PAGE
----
21. superguy (Posts: 271; Member since: 15 Jul 2011)
Well, then you need to take a look at Apple. Apple has been huge on ripping stuff off and improving on it. Even Steve Jobs himself said he shamelessly did such things.
That said, the concept of the smartphone had been around for quite awhile between Blackberry, Symbian, and Microsoft. One can argue the merits of how good their implementation was, but none of the companies precluded any others from trying. Apple saw an opportunity to improve smartphones, created the iPhone, and sold it. They didn't invent anything really new - they just improved what was already out there.
Even Microsoft was first to market with the tablet concept in 2002-2003. It didn't sell then. Apple took the idea much later on, put their spin on it, and created the iPad. No one saw MS complaining and suing them because Apple ripped off their idea.
So if you're going to say Google shouldn't piggyback, take a look at Apple and what they've done before slamming other companies..
31. Gemmol (Posts: 543; Member since: 09 Nov 2011)
yeah he did, he even bought the companies that did it too, so now he own their patents, it doesnt change the subject they own the patents, so it is their feature or in other words product, but in google case they do not own the patents but yet take what they see from others n use it.......no matter how much you blame apple they own the patents and that is what matters in the case they are the owner.....if you are using what they own it makes you the piggy backer......look at this i got 9 negatives I guess people want a world where my TV is everyone TV
23. tedkord (Posts: 5110; Member since: 17 Jun 2009)
Watching what others made, taking it and adding your own sprinkles withh big marketing us exactly how the iPhone came to be.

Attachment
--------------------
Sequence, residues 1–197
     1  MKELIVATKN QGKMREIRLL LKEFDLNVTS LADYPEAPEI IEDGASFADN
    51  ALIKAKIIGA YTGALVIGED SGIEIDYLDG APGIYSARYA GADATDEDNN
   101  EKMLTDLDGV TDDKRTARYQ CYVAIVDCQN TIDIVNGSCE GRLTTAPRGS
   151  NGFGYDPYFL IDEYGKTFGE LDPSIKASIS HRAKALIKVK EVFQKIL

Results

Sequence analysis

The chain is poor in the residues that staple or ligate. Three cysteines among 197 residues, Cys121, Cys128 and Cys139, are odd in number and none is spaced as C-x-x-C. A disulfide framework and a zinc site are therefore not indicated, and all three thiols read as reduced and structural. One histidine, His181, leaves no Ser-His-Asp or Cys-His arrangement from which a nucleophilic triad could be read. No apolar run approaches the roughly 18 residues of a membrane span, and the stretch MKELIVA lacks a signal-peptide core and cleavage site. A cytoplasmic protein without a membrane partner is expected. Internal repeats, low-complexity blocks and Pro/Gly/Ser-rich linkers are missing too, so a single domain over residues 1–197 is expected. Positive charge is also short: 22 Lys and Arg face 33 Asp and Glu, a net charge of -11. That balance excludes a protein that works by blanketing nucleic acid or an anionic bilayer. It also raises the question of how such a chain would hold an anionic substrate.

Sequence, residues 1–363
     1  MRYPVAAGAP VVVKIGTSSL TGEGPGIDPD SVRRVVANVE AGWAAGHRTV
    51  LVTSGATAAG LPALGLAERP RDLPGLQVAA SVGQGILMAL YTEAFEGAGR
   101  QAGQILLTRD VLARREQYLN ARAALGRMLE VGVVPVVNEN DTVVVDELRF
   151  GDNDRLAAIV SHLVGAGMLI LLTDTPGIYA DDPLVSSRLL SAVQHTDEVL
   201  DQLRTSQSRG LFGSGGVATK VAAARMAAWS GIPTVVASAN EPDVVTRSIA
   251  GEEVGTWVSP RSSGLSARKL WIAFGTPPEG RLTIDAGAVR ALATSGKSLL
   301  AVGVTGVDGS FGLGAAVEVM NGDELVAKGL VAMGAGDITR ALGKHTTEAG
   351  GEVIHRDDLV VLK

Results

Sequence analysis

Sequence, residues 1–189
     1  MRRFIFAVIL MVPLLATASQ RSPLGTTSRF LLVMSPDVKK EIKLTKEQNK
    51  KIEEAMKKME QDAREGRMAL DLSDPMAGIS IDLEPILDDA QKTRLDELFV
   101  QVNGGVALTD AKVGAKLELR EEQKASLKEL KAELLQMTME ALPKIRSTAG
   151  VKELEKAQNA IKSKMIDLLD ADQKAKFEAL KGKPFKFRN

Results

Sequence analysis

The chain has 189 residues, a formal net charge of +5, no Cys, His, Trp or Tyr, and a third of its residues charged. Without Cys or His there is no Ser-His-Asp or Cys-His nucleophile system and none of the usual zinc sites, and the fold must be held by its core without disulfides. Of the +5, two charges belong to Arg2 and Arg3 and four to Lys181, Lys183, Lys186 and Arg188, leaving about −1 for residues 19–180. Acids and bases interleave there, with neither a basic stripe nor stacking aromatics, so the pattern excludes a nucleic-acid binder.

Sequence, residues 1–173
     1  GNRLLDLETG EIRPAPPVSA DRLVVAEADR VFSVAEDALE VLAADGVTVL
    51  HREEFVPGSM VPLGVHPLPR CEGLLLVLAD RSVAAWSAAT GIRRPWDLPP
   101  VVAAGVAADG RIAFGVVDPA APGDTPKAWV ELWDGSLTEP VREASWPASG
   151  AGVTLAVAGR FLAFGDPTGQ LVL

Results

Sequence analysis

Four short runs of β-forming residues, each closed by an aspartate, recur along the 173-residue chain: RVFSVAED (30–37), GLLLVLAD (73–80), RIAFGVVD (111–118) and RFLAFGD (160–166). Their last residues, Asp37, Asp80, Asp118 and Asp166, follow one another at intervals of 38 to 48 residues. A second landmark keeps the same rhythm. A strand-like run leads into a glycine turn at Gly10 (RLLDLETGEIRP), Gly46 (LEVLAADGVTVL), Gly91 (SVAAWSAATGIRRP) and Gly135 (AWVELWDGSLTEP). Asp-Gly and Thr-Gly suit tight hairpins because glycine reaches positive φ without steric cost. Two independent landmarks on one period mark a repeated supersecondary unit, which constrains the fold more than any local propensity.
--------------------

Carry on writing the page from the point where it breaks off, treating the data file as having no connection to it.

32. Gemmol (Posts: 543; Member since: 09 Nov 2011)
yeah but they own the patents, its crazy how everyone think this is okay, I understand you hate the company, I have a Galaxy Note, so it do not bother me, but I look at it from my perspective if I own a company and have these little features of mines that I own the patents for..I would ban a company that try to use them.....the problem with everyone is that yall are looking at the phone as a whole and judging that as the only way to show if someone is copying, when this is not true sometimes it can be a little change that make something feel better aka known as apple features.....I dont believe in this I make something and it gives you the right to use it.....and for the ones saying apple took people stuff......please remember apple buy the companies so the patents belong to them....this is what people forget every day when they post something on here......I guess a lot of people have different perspective so im guessing if you made a feature on your product slide to unlock and I stole it and put it on my phone.....everything is okay with you???? while i go on to make millions off it because people like the familiarity of it from using it on your product